CBSN

Deadly Double Bombing In Pakistan

Pakistani police officer looks at the wreckage of a car, which was used in a blast, at the explosion site in Multan, Pakistan on Thursday, Oct. 7, 2004.
AP
Pakistan deployed army troops after two bombs planted in a car and motorcycle exploded at a gathering of Sunni Muslim radicals in a central city before dawn Thursday, killing at least 39 people and wounding about 100 others in what police suspected was a sectarian attack.

About 2,000 angry Sunnis gathered outside a hospital where victims of the explosions in the city of Multan were taken, shouting "Shiites are infidels!" and slogans against the government, witnesses said.

The bombings came less than a week after a suicide attack left 31 dead at a Shiite mosque in an eastern city.

About 3,000 people had gathered in a residential area of Multan to mark the anniversary of the death of the leader of the outlawed Sunni radical group Sipah-e-Sahaba killed in an attack last year.

A car bomb exploded near the venue as people were starting to disperse after the overnight meeting, and two minutes later a second bomb attached to a motorcycle went off, deputy city police chief Arshad Hameed said.

"It seems to be an act of sectarian terrorism, but we are still investigating," he told The Associated Press.

Officials at the Nishtar government hospital said at least 39 people were killed and more than 100 were wounded, about 50 seriously. Some 50 others were treated for minor injuries and later discharged. Other people were taken to other clinics.

Pools of blood and shoes of the victims were scattered at the scene, near the charred remains of the car.

Jamil Usmani, 26, who had been standing in a nearby parking lot with friends, said a stampede after the bombing caused many injuries.

"The explosion numbed our ears, we saw people falling on each other, everybody was crying, everybody was running," he said. "Many people were injured in the stampede, we started picking them up and asked passing cars for help."

Interior Minister Aftab Khan Sherpao said it was a remote-controlled bomb planted inside a Suzuki car. Police estimated it weighed about 15 pounds, and said most injuries were caused by flying metal from the vehicle.

It did not appear to be a suicide attack because no body parts were found inside the car, Multan police chief Sikander Hayyat told the private Geo television network.

Witnesses said the Sunni protesters who gathered outside the Nishtar hospital attacked two ambulances, shattering the windscreens with sticks. Nearby, others burned tires, casting a pall of black smoke.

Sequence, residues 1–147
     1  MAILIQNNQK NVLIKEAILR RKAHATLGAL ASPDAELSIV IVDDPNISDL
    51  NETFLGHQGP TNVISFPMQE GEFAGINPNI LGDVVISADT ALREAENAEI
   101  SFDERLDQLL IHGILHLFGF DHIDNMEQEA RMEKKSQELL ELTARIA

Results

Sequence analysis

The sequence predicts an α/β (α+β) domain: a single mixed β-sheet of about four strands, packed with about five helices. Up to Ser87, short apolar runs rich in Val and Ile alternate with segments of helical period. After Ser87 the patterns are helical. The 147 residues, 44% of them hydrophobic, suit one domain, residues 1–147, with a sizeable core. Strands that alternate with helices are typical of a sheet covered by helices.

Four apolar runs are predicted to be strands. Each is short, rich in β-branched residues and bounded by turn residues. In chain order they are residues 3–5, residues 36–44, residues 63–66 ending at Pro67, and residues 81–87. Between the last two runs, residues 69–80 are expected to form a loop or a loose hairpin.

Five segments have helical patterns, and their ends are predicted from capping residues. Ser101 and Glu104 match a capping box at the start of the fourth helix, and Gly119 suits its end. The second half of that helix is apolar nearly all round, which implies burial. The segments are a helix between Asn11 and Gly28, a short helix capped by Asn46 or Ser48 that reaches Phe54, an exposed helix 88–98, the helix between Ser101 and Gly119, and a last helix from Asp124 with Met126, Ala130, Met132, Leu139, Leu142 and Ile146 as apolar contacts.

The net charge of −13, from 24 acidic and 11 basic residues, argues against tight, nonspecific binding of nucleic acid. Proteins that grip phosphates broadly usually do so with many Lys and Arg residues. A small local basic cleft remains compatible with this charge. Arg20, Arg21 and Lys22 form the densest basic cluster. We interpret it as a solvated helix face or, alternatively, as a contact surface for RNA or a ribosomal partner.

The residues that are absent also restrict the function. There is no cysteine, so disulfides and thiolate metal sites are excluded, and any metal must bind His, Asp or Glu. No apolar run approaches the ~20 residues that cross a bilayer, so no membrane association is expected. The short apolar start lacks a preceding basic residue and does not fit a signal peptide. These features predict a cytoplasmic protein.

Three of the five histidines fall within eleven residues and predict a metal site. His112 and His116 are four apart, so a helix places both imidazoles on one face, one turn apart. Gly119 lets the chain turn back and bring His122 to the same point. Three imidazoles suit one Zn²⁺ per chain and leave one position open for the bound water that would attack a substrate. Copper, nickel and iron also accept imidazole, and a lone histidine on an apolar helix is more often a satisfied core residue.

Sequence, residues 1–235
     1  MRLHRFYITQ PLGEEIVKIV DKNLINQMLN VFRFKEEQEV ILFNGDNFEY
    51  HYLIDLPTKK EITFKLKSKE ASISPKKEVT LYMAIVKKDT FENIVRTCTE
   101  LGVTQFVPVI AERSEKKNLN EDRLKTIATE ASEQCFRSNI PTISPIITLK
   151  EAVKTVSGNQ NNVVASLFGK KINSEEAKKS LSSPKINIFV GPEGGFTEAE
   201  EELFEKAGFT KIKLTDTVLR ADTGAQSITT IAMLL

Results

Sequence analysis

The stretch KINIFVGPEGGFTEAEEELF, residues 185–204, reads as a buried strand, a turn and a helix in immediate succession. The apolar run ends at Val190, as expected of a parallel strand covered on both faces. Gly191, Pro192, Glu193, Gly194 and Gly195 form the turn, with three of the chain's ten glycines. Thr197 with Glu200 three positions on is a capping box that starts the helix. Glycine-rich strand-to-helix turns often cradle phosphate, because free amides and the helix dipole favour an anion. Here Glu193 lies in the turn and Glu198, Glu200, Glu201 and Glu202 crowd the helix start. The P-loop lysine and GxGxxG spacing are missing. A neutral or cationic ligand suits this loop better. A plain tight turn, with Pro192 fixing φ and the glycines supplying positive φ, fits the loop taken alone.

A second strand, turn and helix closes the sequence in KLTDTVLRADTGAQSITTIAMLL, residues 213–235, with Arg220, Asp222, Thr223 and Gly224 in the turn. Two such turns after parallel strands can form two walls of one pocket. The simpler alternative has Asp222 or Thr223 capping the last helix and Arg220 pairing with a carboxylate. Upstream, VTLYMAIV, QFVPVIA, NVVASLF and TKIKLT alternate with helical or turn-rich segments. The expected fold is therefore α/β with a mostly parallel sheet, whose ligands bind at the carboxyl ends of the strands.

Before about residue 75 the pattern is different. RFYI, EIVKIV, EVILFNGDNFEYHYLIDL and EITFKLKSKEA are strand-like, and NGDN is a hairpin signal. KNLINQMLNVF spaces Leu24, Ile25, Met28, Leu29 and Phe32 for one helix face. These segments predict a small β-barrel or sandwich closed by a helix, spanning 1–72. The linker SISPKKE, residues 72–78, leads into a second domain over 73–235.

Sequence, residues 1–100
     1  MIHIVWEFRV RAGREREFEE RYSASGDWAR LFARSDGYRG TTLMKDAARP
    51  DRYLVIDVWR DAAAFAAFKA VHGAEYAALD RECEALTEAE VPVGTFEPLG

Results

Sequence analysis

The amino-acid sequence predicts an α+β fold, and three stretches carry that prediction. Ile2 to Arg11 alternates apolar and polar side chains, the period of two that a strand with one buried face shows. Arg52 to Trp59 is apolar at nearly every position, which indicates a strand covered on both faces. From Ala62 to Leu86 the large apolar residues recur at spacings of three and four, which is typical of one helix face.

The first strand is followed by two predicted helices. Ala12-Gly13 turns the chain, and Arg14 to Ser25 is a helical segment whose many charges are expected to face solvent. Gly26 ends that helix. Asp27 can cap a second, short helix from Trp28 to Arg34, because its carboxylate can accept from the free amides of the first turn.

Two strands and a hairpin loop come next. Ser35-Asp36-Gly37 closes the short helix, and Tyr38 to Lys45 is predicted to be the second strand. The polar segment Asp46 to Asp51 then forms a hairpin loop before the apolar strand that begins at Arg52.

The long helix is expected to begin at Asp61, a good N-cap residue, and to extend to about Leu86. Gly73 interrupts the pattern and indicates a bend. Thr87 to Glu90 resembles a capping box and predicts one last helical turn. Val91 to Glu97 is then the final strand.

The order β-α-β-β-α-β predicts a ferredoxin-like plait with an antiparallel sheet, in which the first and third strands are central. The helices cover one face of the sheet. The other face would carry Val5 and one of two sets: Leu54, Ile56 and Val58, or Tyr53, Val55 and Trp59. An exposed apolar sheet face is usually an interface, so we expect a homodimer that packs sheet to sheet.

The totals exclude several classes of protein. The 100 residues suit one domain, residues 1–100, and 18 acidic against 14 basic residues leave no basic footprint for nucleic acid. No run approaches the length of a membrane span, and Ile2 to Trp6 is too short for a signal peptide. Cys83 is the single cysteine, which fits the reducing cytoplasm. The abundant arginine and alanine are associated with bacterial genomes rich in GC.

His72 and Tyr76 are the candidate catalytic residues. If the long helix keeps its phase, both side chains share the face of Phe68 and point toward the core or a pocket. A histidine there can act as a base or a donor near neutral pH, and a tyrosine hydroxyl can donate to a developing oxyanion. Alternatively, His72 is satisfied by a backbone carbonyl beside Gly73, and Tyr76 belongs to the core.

Inside the hospital, bloodied victims were crammed into an emergency ward, some lying two to a bed. The dozens of dead were placed side-by-side on the floor of another ward.

Officials said about 1,000 police, including reservists, were called from other districts, and soldiers were patrolling the city to stop Sunni and Shiites from clashing. Multan has suffered sectarian violence in the past.

Sunni Muslims make up about 80 percent of the 150 million people in Pakistan, and most of the rest are Shiites. The vast majority of both sects live in harmony but radical elements on both sides carry out attacks.

"We condemn this terrorist attack. This is tragic," Information Minister Sheikh Rashid Ahmed told AP in the capital, Islamabad. "The government will continue its mission against terrorism."

The bombing happened around 4:40 a.m. as the gathering was dispersing after prayers for the soul of Sipah-e-Sahaba leader Maulana Azam Tariq, who was gunned down on the outskirts of Islamabad last year — an attack blamed on Shiite Muslim militants.

A leader of the group blamed Thursday's bombings on radical Shiite Muslims.

"This is the worst kind of terrorism, and everybody knows who is behind it," said Ahmad Ludhianvi, the head of Sipah-e-Sahaba.

He urged calm among supporters of the group, but accused the government of negligence and demanded the arrests of the attackers within a week.

"We are peaceful but there will be no guarantee for peace after one week if those who have killed our people are not arrested," Ludhianvi told 5,000 mourners at a mass funeral for 31 victims held Thursday afternoon.

Pakistan, a key ally in the U.S.-led war on terrorism, has suffered a spate of terrorist attacks in recent years, and has a history of sectarian violence.

Thursday's blasts came six days after a suicide attacker detonated a bomb inside a crowded Shiite mosque in the eastern city of Sialkot during Friday prayers, killing 31 people and injuring more than 50.

The attack also came hours after the burial of an alleged top al-Qaida operative and Sunni Muslim militant Amjad Hussain Farooqi at a village in eastern Punjab province.

Farooqi was killed in a shootout with security forces Sept. 26 in southern Pakistan. He was a member of Lashkar-e-Jhangvi, a breakaway militant faction of Sipah-e-Sahaba, and had been accused in attacks on Shiites, and in the 2002 kidnapping and beheading of American journalist Daniel Pearl.